Home of Bruce Lee, divine dim sum, lofty buildings, loftier real estate prices and — in spite of all those buildings — easy access to incredible stretches of great outdoors.
It’s been more than 15 years since the British handed Hong Kong over to Chinese rule but little has changed.
Hong Kong remains a competitive and independent city, consistently ranked as one of the world’s best places to live.
But don’t take our word for it.
Here are 10 things this great city does better than anywhere else.
1. Tonal talents
Native English speakers who’ve managed to learn Cantonese from scratch: give yourselves a pat on the back.
The language has a total of six to nine tones, depending on where you’re hearing it, compared to English’s zero tones.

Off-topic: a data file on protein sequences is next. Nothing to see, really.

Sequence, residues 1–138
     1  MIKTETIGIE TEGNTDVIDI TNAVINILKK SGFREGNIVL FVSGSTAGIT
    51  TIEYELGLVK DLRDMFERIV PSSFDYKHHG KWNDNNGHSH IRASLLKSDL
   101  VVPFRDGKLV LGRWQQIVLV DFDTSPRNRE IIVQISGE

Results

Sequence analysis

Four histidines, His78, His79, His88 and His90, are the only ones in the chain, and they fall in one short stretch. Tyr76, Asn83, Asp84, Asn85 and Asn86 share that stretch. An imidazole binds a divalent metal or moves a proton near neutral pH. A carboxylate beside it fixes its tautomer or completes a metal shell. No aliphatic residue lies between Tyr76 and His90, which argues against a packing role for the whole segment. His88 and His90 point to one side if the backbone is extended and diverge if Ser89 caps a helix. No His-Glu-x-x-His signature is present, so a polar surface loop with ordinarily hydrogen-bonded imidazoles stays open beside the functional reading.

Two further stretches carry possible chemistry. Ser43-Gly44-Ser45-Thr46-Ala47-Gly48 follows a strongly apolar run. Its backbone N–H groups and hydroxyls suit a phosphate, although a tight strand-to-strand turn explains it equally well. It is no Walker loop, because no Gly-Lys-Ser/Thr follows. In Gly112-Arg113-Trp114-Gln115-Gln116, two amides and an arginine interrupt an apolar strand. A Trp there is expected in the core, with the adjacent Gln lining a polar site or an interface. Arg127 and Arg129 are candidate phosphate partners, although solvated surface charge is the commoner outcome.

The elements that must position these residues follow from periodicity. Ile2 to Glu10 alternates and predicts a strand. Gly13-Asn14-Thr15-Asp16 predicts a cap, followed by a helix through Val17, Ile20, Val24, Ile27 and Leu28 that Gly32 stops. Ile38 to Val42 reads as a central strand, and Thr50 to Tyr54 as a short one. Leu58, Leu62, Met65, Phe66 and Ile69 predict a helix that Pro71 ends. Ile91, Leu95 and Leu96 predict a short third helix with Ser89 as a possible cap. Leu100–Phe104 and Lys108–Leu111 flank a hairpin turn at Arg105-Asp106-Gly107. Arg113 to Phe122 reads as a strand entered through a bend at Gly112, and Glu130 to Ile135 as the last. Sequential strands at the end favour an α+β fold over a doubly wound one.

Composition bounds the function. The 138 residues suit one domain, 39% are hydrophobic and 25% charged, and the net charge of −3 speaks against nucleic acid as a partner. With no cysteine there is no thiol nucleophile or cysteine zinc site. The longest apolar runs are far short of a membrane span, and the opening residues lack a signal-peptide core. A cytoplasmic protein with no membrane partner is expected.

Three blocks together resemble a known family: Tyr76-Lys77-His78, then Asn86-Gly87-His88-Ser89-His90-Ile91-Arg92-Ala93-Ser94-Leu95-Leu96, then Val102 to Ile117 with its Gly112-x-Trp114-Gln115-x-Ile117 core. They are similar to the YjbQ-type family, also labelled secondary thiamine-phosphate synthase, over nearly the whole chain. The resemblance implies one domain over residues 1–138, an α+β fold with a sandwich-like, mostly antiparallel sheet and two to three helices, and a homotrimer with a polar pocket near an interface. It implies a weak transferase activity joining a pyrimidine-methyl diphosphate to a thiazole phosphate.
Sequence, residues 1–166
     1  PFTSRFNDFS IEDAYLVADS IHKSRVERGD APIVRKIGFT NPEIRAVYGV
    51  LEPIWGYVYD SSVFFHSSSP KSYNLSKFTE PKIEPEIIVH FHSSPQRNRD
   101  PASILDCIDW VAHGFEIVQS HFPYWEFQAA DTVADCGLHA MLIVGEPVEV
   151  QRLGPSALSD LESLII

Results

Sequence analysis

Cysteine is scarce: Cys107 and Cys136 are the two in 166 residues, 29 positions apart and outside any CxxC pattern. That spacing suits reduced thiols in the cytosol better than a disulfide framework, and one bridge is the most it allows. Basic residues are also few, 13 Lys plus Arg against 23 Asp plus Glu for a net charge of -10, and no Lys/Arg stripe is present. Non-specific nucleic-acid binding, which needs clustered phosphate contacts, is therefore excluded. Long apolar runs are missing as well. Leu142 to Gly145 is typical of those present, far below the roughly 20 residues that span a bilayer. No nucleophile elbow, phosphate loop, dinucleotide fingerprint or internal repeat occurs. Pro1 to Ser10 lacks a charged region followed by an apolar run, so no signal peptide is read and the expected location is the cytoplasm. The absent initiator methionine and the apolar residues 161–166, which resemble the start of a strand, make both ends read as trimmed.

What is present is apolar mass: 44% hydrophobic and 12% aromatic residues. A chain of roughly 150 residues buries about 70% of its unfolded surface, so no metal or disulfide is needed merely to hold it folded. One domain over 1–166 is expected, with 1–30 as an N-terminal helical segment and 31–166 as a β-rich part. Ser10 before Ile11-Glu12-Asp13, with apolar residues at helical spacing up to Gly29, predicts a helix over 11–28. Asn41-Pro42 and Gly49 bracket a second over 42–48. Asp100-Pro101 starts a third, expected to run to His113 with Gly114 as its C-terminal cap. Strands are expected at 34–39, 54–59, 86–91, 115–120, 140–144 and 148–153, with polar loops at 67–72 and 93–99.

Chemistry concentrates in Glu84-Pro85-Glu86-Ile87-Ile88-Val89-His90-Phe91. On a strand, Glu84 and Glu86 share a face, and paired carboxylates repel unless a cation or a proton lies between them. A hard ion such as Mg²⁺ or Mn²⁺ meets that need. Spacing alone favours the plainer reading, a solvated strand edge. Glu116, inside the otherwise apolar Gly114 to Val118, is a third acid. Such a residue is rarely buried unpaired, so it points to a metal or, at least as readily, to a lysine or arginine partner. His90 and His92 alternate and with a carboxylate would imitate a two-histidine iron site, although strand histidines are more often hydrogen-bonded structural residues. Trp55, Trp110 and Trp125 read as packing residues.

No other Asian language comes close. (There are four tones in Mandarin, five in Thai and six in Vietnamese).
That’s kind of like saying one English word can be pronounced six different ways and have at least six different meanings.
Locals like to say this makes us particularly good at music (certain karaoke sessions have proven otherwise) and studies have shown there’s some truth to this.
To add to the complexity — and fun — of the language, Cantonese is a dialect with new slang invented everyday and many words aren’t used in written communication.
Check out Carlos Douh’s YouTube channel, the Internet’s most entertaining Cantonese language teacher, for quick and easy Cantonese lessons.
2. Staying alive
Don’t wanna get murdered?
Come to Hong Kong!